Tesla’s shareholders have voted ‘yes’ on CEO Elon Musk’s proposed $2.6 billion compensation plan.

The 10-year plan will vest in adherence to several completed milestones related to market valuation, with Musk awarded one-twelfth of the value of the package if the company hits a $100 billion market cap. For every $50 billion in market cap growth, another twelfth would be awarded, with other operational milestones related to revenue and profit in motion.

One point of the compensation package is its relation to performance, with no guaranteed pay in salary, bonuses, or stock received if the company does not meet its objectives.

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“Elon will receive no guaranteed compensation of any kind — no salary, no cash bonuses, and no equity that vests simply by the passage of time,” wrote Tesla in a Jan. 2017 statement. “Instead, Elon’s only compensation will be a 100% at-risk performance award, which ensures that he will be compensated only if Tesla and all of its shareholders do extraordinarily well.”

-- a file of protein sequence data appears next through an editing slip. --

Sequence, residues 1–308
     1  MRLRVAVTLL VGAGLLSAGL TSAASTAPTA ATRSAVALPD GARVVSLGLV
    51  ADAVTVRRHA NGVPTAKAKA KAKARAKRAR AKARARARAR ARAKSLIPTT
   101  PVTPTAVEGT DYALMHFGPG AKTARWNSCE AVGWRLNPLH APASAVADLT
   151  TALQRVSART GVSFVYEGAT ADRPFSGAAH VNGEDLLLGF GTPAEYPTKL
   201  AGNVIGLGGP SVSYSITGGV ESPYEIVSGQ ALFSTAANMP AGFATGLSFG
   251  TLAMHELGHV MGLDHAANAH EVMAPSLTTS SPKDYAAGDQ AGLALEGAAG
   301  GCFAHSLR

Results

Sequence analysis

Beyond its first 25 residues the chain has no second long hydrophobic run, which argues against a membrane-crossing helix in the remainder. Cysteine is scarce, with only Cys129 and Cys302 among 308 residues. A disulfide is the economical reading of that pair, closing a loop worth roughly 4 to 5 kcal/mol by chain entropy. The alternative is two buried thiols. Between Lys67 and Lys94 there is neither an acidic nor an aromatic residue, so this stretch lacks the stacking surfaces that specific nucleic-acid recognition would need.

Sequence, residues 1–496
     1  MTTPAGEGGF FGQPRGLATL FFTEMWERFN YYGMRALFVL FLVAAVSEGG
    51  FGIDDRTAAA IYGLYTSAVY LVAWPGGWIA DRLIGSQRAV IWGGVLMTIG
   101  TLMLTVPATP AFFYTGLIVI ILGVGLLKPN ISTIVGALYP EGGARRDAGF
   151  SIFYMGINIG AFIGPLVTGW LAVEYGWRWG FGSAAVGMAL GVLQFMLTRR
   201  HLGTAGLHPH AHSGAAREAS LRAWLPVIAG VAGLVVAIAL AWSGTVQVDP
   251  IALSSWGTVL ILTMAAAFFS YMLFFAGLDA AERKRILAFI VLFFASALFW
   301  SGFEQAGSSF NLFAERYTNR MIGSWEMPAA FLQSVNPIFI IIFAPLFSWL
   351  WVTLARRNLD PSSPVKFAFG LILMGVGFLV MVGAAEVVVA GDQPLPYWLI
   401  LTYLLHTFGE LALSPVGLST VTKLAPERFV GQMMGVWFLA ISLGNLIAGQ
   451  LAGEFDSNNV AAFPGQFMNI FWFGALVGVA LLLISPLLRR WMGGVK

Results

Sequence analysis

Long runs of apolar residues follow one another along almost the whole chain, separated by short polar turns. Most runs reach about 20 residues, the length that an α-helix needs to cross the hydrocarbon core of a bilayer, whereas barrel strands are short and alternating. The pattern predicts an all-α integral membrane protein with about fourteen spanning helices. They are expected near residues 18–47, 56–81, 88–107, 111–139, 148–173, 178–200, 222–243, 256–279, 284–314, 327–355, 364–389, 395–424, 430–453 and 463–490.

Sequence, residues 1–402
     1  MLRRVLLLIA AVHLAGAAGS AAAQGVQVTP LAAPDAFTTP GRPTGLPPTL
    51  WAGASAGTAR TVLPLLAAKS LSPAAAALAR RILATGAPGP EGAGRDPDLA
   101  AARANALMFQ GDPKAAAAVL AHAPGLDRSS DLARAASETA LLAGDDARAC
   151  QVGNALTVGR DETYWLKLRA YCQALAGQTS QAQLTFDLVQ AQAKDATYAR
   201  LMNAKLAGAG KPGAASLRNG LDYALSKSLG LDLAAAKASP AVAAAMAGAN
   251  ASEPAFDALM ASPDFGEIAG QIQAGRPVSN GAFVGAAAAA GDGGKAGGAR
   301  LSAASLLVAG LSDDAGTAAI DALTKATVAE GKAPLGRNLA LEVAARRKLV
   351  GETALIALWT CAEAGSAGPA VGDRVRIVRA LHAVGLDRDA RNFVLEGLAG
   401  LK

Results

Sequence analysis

As of this writing, Musk earned $49,920 in 2017, with a total net worth of more than $20 billion. His current shareholdings, roughly 22 percent of company shares, would not be at risk under the new plan.

Many industry experts were vehemently opposed to the award, such as proxy advisory firm Glass Lewis & Co. in early Mar. 2017, which claims the award did not meet shareholders’ interest with its cost and dilution of shares.